Are You Swiping Your Life Away? Therapy Can Help You Prevent And Control Social Media Addiction

When you think about the dangers of addictive behavior, you may not think about social media. However, social media addiction can be destructive, as it can put stress on relationships, interfere with sleep, and cause you to isolate yourself from others. Going to therapy can help you learn to manage your social medial use so it does not monopolize your life.

Getting honest

If you enjoy spending time on social media, it is not always easy to admit you are spending hours swiping and scrolling. Adding a social media tracker to your smartphone or tablet is one way to gauge your use and see what time of the day you are turning to social media. Tracking your social media usage can help your therapist see if you need to discuss prevention tips or if you are dealing with an addiction.

Looking for subtle signs

Like any addictive behavior, social media addiction can sneak up on you before you realize what happened. Asking yourself a few questions can help you prevent addictive behavior from becoming worse. Finding you have little time to do things, falling behind in work, having to always have your phone by your side, or avoiding socializing can be signs you have a problem.  

Setting limits

Your therapist can discuss ways to set limits on social media use. You do not have to give up social media but rather learn to manage how much time you spend on it. Taking frequent social medal breaks throughout the day, setting aside certain times to use social media, or using it as a reward for getting other work done may be recommended by your therapist to help you reign in your social medial usage.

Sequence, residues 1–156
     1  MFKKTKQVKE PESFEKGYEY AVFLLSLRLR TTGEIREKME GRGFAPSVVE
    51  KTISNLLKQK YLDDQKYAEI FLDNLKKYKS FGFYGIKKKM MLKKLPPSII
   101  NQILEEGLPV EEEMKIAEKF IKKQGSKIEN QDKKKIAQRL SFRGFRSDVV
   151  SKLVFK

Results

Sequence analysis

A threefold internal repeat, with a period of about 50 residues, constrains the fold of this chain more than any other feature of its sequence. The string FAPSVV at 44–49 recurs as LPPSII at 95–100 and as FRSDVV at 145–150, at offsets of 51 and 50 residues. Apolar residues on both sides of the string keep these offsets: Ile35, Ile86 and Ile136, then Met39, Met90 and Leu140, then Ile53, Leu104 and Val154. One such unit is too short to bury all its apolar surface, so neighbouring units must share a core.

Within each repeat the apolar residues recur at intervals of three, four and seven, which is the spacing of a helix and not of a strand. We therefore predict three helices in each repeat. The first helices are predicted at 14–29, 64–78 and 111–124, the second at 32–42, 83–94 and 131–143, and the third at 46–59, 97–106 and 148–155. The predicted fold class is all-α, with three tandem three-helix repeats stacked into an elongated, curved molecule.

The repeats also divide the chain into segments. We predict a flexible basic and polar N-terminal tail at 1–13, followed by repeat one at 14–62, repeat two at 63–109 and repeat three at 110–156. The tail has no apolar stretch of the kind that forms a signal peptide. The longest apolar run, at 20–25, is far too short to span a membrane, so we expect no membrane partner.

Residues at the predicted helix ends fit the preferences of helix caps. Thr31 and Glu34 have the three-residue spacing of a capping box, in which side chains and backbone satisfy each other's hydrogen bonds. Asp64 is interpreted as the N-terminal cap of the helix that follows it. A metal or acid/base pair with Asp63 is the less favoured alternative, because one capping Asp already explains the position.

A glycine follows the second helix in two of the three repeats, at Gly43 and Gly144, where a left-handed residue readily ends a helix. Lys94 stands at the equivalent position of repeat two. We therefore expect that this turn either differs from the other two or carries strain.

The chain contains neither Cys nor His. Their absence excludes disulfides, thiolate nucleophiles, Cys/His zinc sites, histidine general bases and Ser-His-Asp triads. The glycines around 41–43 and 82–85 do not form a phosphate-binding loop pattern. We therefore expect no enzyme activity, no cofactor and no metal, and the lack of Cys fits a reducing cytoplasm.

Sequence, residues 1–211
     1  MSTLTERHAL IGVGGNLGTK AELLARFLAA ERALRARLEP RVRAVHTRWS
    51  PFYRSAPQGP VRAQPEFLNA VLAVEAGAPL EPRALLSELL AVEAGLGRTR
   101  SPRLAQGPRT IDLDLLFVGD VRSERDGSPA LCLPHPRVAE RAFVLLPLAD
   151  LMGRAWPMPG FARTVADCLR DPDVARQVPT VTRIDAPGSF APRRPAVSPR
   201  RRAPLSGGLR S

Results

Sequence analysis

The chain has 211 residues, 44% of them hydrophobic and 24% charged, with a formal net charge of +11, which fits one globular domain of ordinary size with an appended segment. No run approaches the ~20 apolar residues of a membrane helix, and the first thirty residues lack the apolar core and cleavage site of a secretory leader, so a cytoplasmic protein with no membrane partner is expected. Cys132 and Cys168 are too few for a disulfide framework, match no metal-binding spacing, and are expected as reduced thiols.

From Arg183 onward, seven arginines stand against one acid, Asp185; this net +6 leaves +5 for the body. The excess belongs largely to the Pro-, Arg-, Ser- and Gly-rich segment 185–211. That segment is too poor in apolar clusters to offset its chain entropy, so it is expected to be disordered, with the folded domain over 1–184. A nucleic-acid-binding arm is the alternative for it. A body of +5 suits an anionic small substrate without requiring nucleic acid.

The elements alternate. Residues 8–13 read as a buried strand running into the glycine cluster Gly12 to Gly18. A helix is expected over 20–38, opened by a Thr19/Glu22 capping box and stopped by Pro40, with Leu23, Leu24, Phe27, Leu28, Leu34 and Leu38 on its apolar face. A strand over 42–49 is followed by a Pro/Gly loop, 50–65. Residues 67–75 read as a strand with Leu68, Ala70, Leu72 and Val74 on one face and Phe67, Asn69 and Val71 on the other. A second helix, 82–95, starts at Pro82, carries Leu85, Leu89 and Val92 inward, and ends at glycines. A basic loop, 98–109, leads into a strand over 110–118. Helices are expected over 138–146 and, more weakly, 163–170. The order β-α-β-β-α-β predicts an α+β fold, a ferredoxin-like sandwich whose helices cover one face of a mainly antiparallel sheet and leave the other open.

Establishing healthy boundaries

It is not uncommon for friends and family members to encourage your social media use by forwarding you things to view or tagging you in posts, etc. You may feel obligated to check your social media as soon as you get a notification. Learning how to set healthy boundaries, such as setting a specific time of the day to respond to messages rather than responding immediately, can help you control your social medial use rather than allowing it to control you.

Social media is not always a bad thing and can be used for many positive things. However, the problem occurs when social media starts to take over your life and consumes most of your time. Working with a therapist can help you discover how to limit your social media use so you can overcome addiction or prevent addiction from occurring.

Contact a therapist like Donald McEachran, PHD to learn more.